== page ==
Slavery is thriving in the world today.
Many people balk at such a statement, as most believe that slavery was eradicated in the 19th century. But inn fact, while slavery has never completely gone away, there has been a massive resurgence in our time.
The slavery of the past that we are most familiar with was state-sanctioned; the current slave trade involves powerful organized crime syndicates and local thugs. The trafficking and exploitation of people is the third largest criminal activity in the world today.
According to US State Department figures, 27 million people find themselves entrapped in slavery, 80 percent are female, 50 percent are children. Secretary of State Colin Powell stated, “We’re talking about woman and girls, as young as six years old, trafficked into commercial . . . exploitation.”
Behind all these facts and statistics are real individuals with names, stories, and deep hurts. They are the powerless and the voiceless, trapped in an unspeakably cruel nightmare.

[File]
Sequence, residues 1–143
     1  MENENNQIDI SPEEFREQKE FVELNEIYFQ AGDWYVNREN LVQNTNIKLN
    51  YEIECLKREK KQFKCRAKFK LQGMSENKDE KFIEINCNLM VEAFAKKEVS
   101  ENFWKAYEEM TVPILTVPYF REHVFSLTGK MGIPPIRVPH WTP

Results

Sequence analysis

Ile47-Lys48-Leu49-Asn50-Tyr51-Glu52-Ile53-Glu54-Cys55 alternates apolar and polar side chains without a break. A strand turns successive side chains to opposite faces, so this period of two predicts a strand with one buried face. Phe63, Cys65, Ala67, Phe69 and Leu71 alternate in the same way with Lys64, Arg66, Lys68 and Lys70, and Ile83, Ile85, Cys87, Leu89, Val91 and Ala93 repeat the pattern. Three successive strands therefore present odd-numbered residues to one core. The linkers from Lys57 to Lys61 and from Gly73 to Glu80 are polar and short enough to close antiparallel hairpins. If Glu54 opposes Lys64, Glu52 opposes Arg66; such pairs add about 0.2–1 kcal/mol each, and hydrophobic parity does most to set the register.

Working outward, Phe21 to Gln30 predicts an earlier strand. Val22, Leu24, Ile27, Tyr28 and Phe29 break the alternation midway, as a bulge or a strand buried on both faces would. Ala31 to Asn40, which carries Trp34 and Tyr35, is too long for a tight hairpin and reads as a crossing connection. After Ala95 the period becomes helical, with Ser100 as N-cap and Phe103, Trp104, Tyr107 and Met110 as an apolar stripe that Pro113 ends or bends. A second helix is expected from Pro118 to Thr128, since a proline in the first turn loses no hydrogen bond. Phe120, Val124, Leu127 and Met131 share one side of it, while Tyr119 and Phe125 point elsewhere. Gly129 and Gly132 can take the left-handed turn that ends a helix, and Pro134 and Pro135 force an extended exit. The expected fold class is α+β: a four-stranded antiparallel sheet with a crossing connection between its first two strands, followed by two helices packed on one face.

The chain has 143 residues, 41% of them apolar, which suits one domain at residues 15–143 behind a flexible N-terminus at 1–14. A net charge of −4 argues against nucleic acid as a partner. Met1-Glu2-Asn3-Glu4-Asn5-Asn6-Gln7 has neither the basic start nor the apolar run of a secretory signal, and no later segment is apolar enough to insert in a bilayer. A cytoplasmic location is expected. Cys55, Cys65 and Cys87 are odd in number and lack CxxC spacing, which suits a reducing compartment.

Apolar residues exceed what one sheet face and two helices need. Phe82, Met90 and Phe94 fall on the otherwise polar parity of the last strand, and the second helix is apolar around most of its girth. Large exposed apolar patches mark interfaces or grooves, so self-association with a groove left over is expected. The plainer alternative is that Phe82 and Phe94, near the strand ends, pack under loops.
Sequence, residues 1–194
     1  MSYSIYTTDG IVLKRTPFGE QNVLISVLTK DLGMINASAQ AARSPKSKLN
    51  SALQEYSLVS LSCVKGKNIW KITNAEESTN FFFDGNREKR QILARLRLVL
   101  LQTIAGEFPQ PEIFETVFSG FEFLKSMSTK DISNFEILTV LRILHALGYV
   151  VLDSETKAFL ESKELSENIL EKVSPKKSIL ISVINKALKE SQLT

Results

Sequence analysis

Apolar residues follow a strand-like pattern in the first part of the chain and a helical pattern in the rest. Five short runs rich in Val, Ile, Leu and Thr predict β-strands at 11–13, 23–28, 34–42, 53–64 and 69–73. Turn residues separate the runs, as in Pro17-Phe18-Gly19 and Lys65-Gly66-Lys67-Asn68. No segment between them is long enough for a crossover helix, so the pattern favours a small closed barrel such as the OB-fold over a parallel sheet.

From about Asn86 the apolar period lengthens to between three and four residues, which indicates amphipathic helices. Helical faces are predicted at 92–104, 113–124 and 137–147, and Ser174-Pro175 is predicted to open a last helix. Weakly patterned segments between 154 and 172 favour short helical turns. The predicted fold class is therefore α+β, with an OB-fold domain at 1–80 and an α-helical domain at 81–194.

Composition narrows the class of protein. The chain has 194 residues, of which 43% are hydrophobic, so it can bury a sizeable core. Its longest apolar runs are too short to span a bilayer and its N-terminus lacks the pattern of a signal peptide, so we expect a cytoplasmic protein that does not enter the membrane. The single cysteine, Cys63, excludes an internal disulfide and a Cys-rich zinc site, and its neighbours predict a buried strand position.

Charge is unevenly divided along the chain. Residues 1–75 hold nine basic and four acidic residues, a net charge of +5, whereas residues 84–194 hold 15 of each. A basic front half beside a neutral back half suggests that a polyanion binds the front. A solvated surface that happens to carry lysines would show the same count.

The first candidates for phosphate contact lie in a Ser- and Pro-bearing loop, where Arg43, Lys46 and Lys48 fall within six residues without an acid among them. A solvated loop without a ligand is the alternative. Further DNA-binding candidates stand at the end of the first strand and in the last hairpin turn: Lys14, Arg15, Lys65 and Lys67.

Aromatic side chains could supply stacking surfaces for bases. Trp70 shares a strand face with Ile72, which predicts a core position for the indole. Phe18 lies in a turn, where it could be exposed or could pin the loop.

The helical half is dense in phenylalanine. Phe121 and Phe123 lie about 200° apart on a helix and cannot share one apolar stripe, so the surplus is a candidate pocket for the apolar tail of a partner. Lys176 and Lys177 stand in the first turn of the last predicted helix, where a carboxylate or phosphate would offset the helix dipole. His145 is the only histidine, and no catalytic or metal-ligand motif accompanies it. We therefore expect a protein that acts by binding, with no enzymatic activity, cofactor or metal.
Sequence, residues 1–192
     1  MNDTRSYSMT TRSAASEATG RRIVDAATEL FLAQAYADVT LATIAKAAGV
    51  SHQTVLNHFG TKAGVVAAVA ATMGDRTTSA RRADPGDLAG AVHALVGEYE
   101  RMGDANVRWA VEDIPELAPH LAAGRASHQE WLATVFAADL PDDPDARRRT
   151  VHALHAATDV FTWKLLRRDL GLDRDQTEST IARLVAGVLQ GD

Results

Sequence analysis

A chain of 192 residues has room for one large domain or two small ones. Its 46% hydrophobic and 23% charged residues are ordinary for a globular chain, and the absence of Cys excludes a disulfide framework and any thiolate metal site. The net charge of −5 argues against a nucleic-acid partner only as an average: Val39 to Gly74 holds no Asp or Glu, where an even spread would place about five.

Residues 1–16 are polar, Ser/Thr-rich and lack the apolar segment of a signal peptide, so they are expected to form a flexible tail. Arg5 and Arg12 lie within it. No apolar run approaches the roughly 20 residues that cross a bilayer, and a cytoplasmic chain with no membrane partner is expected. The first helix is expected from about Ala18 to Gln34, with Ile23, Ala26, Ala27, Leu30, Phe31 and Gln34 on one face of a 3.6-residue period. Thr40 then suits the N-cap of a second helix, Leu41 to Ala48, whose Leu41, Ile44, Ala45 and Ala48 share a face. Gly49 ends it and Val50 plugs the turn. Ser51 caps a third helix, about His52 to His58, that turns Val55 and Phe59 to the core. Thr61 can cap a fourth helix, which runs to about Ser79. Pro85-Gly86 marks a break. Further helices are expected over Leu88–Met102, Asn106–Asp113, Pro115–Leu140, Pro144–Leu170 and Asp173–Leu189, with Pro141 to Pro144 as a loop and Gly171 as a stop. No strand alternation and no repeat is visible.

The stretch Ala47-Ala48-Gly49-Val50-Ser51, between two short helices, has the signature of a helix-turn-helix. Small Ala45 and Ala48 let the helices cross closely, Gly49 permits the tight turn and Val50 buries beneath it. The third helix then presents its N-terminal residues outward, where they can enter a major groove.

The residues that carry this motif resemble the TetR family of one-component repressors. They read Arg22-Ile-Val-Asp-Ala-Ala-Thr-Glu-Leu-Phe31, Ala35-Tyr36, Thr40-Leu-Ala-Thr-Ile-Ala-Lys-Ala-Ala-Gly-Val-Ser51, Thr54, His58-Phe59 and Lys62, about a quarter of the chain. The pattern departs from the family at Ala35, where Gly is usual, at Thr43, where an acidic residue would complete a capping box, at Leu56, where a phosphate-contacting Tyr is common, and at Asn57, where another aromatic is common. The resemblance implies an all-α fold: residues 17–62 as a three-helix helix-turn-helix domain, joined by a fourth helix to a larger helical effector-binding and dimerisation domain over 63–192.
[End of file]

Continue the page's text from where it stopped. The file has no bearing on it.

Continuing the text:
They are loved by God, people for whom Jesus shed His blood. Each one of them matters to God, but do they matter to us?
The trafficking and exploitation of people, particularly children, is not something that we normally like to think about or discuss. The very thought is vile and repulsive.
Yet, we must face it squarely, as burying our heads in the sand is not a good option. In fact, to do so would be immoral.
As Christ-followers, we have an obligation to care and to act.
I firmly believe that it is possible to see this “global Goliath” of exploitation and slavery stamped out in our lifetime, but it will require the determination of a new abolitionist movement. “He has shown you, oh man, what is good; and what does the Lord require of you but to do justly, to love mercy, and to walk humbly with your God.” Micah 6:8
It is impossible to deal fully with a complex and important issue such as this in a brief article. But I am hoping that I have at least caught your attention and interest concerning a very important topic.
For a more in-depth treatment of the matter, as well as action steps that you can take, please go to www.openarmshl.org and scroll down to the Lets Talk! link on the home page.